Image files in GIF and JPEG format and captions may be accessed on theInternet via anonymous ftp from oposite.stsci.edu in /pubinfo.

GIF JPEGPRC97-26 Mira gif/mira.gif jpeg/mira.jpg

Higher resolution digital versions (300 dpi JPEG) of the releasephotograph are available in /pubinfo/hrtemp: 97-26.jpg (color) and97-26bw.jpg (black & white).

GIF and JPEG images, captions and press release text are available viathe World Wide Web at URL:http://oposite.stsci.edu/pubinfo/PR/97/26.html and via links inhttp://oposite.stsci.edu/pubinfo/Latest.html orhttp://oposite.stsci.edu/pubinfo/Pictures.html

Space Telescope Science Institute press-release text and other information are available automatically when you subscribe to the STScI List Server. To subscribe, send e-mail to "listserv@stsci.edu". In the body of the message (not the subject line) type the words "subscribe pio Your Name". For example, someone named Jane Doe would type "subscribe pio Jane Doe". The system will respond with a confirmation of your subscription, and you will receive new press releases by e-mail.

* * * *


Story Source:

The above story is based on materials provided by National Aeronautics And Space Administration. Note: Materials may be edited for content and length.


Cite This Page:

National Aeronautics And Space Administration. "Hubble Separates Stars In The Mira Binary System." ScienceDaily. ScienceDaily, 6 August 1997. <www.sciencedaily.com/releases/1997/08/970806215931.htm>.
National Aeronautics And Space Administration. (1997, August 6). Hubble Separates Stars In The Mira Binary System. ScienceDaily. Retrieved September 15, 2014 from www.sciencedaily.com/releases/1997/08/970806215931.htm
National Aeronautics And Space Administration. "Hubble Separates Stars In The Mira Binary System." ScienceDaily. www.sciencedaily.com/releases/1997/08/970806215931.htm (accessed September 15, 2014).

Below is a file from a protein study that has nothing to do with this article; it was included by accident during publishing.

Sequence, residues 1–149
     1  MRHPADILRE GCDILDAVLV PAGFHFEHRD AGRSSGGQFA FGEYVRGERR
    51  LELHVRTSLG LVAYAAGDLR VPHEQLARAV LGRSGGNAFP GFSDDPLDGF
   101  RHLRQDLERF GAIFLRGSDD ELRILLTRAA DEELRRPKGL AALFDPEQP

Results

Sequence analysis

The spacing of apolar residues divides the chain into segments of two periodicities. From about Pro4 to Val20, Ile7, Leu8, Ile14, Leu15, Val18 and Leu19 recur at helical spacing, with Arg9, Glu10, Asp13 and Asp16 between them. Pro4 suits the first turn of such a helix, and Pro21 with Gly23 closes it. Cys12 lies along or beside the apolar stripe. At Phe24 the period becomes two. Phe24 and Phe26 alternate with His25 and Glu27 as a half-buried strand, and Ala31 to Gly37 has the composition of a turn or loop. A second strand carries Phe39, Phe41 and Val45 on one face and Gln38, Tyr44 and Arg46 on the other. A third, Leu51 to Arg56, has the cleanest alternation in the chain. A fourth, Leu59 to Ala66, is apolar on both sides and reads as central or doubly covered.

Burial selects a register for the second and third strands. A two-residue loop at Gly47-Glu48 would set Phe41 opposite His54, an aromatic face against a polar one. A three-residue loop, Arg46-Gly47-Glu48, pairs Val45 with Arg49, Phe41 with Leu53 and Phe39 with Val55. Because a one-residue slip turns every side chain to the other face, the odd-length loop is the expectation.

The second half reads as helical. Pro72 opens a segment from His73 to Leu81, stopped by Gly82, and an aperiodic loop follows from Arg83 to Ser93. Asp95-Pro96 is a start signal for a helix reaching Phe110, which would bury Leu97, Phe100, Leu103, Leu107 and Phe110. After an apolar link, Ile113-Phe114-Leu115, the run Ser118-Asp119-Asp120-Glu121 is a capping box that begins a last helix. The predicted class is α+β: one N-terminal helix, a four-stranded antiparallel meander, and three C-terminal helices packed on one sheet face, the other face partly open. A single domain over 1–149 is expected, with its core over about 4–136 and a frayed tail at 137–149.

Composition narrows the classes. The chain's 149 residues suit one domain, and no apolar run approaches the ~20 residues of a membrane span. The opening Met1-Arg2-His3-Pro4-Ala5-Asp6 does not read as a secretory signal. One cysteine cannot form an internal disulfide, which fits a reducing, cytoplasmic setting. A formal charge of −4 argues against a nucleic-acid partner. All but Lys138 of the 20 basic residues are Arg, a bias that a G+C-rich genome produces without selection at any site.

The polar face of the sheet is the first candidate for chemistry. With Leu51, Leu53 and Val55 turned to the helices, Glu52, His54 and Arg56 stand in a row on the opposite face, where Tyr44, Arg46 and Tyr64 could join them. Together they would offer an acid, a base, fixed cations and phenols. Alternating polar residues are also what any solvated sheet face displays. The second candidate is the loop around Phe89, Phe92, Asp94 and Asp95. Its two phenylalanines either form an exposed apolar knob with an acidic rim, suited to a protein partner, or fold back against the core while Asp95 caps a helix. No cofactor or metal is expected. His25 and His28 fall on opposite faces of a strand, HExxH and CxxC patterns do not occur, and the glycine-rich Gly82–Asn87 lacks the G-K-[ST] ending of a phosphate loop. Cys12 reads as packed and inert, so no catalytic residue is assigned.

Share This



More Space & Time News

Monday, September 15, 2014

Featured Research

from universities, journals, and other organizations


Featured Videos

from AP, Reuters, AFP, and other news services

NASA’s Curiosity Rover Finally Reaches Long-Term Goal

NASA’s Curiosity Rover Finally Reaches Long-Term Goal

Newsy (Sep. 15, 2014) — After more than two years, NASA’s Mars Curiosity Rover reached Mount Sharp, its long-term destination. Video provided by Newsy
Powered by NewsLook.com
SpaceX's Elon Musk Really Wants To Colonize Mars

SpaceX's Elon Musk Really Wants To Colonize Mars

Newsy (Sep. 14, 2014) — Elon Musk has been talking about his goal of colonizing Mars for years now, but how much of it does he actually have figured out, and is it possible? Video provided by Newsy
Powered by NewsLook.com
International Space Station Crew Returns Safely To Earth

International Space Station Crew Returns Safely To Earth

Newsy (Sep. 11, 2014) — The three-man crew touched down in Kazakhstan Wednesday after more than five months of science experiments in orbit. Video provided by Newsy
Powered by NewsLook.com
Solar Storm To Hit This Weekend, Scientists Not Worried

Solar Storm To Hit This Weekend, Scientists Not Worried

Newsy (Sep. 11, 2014) — Two solar flares which erupted in our direction this week will arrive this weekend. The resulting solar storm will be powerful but not dangerous. Video provided by Newsy
Powered by NewsLook.com

Search ScienceDaily

Number of stories in archives: 140,361

Find with keyword(s):
 
Enter a keyword or phrase to search ScienceDaily for related topics and research stories.

Save/Print:
Share:  

Breaking News:
from the past week

In Other News

... from NewsDaily.com

Science News

Health News

Environment News

Technology News



Save/Print:
Share:  

Free Subscriptions


Get the latest science news with ScienceDaily's free email newsletters, updated daily and weekly. Or view hourly updated newsfeeds in your RSS reader:

Get Social & Mobile


Keep up to date with the latest news from ScienceDaily via social networks and mobile apps:

Have Feedback?


Tell us what you think of ScienceDaily -- we welcome both positive and negative comments. Have any problems using the site? Questions?
Mobile iPhone Android Web
Follow Facebook Twitter Google+
Subscribe RSS Feeds Email Newsletters
Latest Headlines Health & Medicine Mind & Brain Space & Time Matter & Energy Computers & Math Plants & Animals Earth & Climate Fossils & Ruins